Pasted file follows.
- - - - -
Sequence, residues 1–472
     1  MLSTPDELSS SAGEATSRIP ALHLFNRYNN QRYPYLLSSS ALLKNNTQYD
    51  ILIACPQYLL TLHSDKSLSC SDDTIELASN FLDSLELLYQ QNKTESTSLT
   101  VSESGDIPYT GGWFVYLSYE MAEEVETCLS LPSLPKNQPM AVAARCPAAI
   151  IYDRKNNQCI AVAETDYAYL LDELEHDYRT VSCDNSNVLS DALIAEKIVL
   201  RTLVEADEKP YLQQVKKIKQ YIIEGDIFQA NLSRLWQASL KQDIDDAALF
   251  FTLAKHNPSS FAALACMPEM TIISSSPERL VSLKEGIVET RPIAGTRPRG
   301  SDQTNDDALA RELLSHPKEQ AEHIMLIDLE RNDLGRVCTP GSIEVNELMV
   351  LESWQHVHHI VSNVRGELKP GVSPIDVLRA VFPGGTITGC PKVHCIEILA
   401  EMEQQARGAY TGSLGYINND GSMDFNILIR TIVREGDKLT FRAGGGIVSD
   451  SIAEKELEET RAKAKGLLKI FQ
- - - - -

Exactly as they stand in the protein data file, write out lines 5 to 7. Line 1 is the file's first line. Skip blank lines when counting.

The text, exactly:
   151  IYDRKNNQCI AVAETDYAYL LDELEHDYRT VSCDNSNVLS DALIAEKIVL
   201  RTLVEADEKP YLQQVKKIKQ YIIEGDIFQA NLSRLWQASL KQDIDDAALF
   251  FTLAKHNPSS FAALACMPEM TIISSSPERL VSLKEGIVET RPIAGTRPRG